After reporting fourth-quarter earnings that came up short of expectations, shares of Aratana Therapeutics (NASDAQ:PETX), a biotech company focused on pet health, fell by 21% as of 1:40 p.m. Tuesday.
Here's a review of the headline numbers from the fourth quarter:
- Revenue for the period came in at $292,000, which was primarily generated from sales of the company's drug Nocita. This compound became commercially available in late 2016 and is used as a local post-operative analgesia for ligament surgery in dogs. By contrast, Wall Street was expecting $923,000 in total revenue for the quarter.
- Net loss was $23.3 million, or $0.64 per share. This figure was much higher than the $12.9 million net loss that was recorded in the year-ago period and also exceeded the $0.43 loss that analysts were expecting. However, it is worth noting that the company recorded a $10.7 million writedown on inventory and intangible assets during the fourth quarter.
And for the full year 2016:
- Total revenue was $38.6 million. A large majority of this total was generated from a substantial upfront payment related to the collaboration agreement with Elanco Animal Health, a division of Eli Lilly.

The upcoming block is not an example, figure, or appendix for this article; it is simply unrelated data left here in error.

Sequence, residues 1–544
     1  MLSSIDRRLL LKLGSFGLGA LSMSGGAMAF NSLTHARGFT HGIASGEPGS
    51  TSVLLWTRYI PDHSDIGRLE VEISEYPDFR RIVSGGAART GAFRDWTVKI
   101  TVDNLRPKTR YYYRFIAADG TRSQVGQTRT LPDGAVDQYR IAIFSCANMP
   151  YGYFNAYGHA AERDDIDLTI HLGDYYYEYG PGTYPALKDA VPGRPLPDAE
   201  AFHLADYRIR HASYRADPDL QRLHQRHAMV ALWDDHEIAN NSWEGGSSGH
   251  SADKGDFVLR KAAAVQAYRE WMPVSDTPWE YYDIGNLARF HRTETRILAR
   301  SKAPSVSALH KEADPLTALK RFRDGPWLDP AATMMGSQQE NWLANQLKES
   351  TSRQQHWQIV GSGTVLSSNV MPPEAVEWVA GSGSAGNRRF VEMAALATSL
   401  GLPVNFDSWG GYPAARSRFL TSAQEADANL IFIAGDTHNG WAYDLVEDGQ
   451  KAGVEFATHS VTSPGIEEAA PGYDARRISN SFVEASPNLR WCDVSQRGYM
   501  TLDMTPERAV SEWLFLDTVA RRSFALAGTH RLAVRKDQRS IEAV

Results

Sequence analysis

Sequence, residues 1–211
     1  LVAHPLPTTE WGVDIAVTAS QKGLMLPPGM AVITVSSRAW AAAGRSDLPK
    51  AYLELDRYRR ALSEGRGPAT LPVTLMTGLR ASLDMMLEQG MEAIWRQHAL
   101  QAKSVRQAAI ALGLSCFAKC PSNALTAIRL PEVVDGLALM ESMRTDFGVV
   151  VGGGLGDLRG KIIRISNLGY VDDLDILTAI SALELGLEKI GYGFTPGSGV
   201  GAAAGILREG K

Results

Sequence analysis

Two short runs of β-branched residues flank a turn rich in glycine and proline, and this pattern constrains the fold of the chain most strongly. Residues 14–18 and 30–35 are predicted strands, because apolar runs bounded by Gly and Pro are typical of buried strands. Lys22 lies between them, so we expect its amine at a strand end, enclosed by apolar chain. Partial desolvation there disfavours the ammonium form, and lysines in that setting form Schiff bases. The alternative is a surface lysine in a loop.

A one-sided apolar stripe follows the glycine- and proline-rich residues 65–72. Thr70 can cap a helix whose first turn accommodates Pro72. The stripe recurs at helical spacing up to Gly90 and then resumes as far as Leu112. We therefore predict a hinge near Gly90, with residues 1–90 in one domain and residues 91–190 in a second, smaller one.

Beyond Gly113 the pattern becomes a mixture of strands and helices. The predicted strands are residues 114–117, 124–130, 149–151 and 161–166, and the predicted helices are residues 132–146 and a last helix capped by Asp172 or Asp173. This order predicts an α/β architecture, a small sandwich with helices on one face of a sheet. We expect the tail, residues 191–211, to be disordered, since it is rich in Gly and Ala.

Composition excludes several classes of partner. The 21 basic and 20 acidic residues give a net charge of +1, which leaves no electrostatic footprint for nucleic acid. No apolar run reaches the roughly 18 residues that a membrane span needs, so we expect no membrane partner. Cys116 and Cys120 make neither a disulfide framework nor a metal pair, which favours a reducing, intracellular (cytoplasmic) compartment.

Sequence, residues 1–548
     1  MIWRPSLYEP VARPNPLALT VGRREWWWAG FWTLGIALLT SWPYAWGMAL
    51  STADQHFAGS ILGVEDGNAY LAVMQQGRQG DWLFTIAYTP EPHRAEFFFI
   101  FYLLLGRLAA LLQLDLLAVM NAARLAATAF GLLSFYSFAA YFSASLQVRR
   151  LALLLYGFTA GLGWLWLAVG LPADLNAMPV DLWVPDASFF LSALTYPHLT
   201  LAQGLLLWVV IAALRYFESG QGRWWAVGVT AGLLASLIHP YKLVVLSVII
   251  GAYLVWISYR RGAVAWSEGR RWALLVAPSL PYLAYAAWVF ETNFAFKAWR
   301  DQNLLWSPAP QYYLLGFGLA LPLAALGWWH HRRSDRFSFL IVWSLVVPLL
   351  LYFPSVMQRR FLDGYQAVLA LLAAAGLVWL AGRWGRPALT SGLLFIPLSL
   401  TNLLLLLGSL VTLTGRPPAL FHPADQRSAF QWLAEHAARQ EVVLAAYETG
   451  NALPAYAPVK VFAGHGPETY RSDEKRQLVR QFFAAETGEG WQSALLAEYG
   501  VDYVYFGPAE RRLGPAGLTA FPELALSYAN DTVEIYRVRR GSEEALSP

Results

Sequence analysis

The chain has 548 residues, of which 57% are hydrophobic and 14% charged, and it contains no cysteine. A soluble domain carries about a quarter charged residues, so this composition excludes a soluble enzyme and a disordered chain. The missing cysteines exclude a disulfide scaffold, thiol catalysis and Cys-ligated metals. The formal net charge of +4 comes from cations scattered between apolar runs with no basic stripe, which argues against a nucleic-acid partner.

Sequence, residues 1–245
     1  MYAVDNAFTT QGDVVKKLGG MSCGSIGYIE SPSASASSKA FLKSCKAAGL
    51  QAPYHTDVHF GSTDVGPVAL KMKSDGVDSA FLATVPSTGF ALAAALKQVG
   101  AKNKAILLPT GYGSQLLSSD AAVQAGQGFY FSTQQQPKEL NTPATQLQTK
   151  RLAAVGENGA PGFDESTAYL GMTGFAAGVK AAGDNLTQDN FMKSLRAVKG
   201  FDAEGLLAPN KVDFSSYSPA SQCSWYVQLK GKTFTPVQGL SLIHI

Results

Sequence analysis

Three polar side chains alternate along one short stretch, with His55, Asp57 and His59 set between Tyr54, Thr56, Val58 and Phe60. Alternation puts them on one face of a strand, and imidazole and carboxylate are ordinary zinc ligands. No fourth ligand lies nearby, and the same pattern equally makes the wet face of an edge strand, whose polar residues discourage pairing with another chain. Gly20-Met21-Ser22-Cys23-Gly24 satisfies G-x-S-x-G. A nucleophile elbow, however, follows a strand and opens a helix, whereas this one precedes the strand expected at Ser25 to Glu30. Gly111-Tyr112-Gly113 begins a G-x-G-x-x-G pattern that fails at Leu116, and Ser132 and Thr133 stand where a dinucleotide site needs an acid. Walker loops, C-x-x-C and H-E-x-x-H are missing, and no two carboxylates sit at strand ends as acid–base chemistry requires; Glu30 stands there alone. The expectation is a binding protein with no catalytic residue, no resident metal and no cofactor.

- Net loss was $33.6 million, or $0.95 per share. The total impairment charges for the year were $15.1 million.
- At year end, Aratana's cash balance was $88.7 million. Management believes this will be enough capital to fund operations through the first quarter of 2018.
The lower than hoped for quarterly sales and higher than expected loss appear to be the primary reasons behind Tuesday's drubbing.
This is the second time this quarter that Aratana's stock has taken a big plunge. Shares also dropped in early February after management said the FDA's Center for Veterinary Medicine wanted more information related to the company's transfer of its drug Entyce to a new manufacturer. The request is expected to delay the drug's launch until late 2017, which means it is going to take Aratana more than a year to bring this drug to market. That's not good news for any company, let alone a cash-strapped, small-cap biotech.
With losses continuing to pile up, Aratana is likely going to have to raise capital sometime soon. Given the stock's recent drubbing, hitting up shareholders for extra cash is likely to be an unappealing option. That makes me think potential investors should remain on the sidelines until we know more about the company's financial plans.